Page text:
After weeks of cold rain I was starting to worry about my potato plants. I had only covered them with a thin layer of compost and soil, yet there was still no signing of leafing out. I kept trying to console myself with thoughts like, “This isn’t as much rain as they get in Ireland.”

But deep inside, I was starting to believe they had rotted in the ground. Then this morning the sun came out and with it the first potato leaves–pushing their way up through the cold, wet earth! Joy!
What a fitting metaphor for my state of mind as well. Those of you who have been following this blog know I’ve been going through a dark time in my personal life (relationship issues etc.) Unfortunately this was another tough week in that department. But today when those tender green leaves came forth they galvanized my resolve to start consciously shifting my attitude toward happiness, regardless of external factors.

And in case the message wasn’t clear enough I also got an email that perfectly reaffirmed this. I subscribe to a daily inspirational Word for the Day from A Network for Grateful Living. This was the quote for today:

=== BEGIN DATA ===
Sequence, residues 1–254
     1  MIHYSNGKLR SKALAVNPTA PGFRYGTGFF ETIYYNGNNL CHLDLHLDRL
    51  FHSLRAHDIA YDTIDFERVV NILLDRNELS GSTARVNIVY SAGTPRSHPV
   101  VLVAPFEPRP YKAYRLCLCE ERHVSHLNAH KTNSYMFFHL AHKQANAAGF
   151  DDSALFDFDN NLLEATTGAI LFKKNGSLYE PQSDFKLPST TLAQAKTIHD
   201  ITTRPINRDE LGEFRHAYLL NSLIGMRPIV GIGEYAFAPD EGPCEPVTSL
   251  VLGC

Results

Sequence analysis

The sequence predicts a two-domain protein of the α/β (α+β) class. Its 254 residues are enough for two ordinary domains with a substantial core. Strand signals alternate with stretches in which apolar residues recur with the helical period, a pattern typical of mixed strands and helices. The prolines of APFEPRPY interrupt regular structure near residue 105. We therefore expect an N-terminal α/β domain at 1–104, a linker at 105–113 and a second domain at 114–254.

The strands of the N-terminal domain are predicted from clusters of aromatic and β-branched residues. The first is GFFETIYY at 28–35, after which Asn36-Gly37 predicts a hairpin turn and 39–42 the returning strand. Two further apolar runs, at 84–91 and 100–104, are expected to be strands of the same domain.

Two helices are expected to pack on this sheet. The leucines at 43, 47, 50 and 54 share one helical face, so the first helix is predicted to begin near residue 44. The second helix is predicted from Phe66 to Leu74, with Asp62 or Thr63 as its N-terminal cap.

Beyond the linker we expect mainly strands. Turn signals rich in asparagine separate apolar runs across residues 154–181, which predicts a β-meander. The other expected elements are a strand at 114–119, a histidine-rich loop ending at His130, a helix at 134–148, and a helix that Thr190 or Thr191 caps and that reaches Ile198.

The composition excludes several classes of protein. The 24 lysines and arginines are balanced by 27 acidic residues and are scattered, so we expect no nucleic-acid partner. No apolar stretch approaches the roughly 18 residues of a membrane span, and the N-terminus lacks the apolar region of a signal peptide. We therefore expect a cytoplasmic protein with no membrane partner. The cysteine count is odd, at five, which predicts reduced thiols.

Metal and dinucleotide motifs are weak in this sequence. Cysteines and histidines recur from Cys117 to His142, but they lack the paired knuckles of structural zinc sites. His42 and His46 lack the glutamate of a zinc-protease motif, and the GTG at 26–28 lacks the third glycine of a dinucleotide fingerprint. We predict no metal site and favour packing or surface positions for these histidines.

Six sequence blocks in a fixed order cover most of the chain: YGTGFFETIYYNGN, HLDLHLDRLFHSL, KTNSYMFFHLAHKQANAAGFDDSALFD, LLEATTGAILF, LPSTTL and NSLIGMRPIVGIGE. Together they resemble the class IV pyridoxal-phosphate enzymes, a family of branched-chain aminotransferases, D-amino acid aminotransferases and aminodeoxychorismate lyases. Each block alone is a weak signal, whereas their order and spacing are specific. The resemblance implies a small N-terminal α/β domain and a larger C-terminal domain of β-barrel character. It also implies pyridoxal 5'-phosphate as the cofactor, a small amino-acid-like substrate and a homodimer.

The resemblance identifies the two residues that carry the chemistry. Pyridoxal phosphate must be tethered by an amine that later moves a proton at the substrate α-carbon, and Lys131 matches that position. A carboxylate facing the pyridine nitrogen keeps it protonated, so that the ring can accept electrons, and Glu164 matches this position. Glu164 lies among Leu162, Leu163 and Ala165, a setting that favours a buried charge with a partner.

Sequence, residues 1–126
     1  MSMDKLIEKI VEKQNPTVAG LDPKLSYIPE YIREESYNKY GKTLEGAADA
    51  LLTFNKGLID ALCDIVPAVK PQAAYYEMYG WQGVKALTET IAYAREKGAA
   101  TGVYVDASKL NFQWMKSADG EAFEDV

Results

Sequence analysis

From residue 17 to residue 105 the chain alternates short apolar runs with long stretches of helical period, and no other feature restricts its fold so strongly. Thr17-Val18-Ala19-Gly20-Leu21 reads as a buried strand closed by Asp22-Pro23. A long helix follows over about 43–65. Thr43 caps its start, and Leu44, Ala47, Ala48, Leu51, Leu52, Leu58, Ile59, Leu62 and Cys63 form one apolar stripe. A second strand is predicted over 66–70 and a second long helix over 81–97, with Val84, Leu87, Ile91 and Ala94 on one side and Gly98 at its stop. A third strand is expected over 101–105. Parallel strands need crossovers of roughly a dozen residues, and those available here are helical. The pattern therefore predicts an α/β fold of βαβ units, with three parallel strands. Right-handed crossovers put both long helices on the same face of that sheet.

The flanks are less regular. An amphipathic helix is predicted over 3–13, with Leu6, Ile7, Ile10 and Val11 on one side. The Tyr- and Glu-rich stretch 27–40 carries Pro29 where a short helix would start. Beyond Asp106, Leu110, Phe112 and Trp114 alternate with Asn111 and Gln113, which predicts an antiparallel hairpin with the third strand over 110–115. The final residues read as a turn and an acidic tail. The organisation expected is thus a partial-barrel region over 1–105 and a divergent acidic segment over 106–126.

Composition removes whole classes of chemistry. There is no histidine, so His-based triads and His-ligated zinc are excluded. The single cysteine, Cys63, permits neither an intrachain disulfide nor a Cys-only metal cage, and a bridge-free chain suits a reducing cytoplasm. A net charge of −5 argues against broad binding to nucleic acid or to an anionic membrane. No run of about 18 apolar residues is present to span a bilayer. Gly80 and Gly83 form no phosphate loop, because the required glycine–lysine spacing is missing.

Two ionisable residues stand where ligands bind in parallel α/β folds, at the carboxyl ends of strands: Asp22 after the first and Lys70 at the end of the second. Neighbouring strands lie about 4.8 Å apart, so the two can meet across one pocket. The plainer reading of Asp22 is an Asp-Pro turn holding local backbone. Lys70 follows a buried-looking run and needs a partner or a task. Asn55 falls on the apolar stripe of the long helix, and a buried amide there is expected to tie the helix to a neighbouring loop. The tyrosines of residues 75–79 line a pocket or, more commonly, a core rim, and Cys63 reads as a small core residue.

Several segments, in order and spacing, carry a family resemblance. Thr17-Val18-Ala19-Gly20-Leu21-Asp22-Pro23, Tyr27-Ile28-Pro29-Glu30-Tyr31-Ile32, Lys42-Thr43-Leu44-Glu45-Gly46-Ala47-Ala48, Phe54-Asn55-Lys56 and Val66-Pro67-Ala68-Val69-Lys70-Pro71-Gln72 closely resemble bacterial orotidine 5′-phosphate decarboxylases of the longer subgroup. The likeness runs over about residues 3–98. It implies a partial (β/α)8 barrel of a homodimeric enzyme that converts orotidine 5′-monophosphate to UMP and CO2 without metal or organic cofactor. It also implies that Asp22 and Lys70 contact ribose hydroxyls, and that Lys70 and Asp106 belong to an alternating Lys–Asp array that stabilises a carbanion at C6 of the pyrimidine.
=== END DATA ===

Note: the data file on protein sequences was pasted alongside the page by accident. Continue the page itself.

“Don’t be concerned about being disloyal to your pain by being
joyous.” —Pir Vilayat Inayat Khan.

That’s how I’m going to try and move forward from here. Looking forward to a bountiful harvest (of potatoes and more…)

winter walk

We finally started getting some much needed rain yesterday. Great for the environment, but the dreary gray skies don’t do much for my state of mind. This morning I really needed to clear my head so I went out in the light showers for a quiet walk in the woods near my house. It was so soothing to be alone in the stillness of winter, just the sound of water dripping off of trees and the soggy squish of wet leaves underfoot. It gave me an opportunity to slow down and focus on the small things (in a good way) like water drops on leaves,

moss and lichen covered rocks,

and sculptural rain-slicked trees.

The walk made me think about two different Rilke quotes that I’ve always liked:

“if there is nothing you can share with other people, try to be close to Things; they will not
abandon you”

and

“Being an artist
means: not numbering and counting, but ripening like a tree, which doesn’t force its sap, and stands confidently in the
storms of spring, not afraid that afterward summer may not come. It does come.”

Words to live by.

the salmon cabin comes home